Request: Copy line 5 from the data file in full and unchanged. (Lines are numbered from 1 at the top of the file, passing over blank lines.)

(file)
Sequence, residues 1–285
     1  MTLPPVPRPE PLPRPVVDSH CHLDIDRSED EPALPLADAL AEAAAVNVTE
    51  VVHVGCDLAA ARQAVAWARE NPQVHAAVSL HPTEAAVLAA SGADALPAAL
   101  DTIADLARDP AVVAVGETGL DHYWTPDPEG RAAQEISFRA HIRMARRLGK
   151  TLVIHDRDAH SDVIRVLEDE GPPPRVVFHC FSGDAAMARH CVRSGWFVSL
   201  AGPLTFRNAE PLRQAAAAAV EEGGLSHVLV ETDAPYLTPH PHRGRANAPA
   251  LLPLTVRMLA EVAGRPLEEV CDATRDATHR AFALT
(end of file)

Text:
   151  TLVIHDRDAH SDVIRVLEDE GPPPRVVFHC FSGDAAMARH CVRSGWFVSL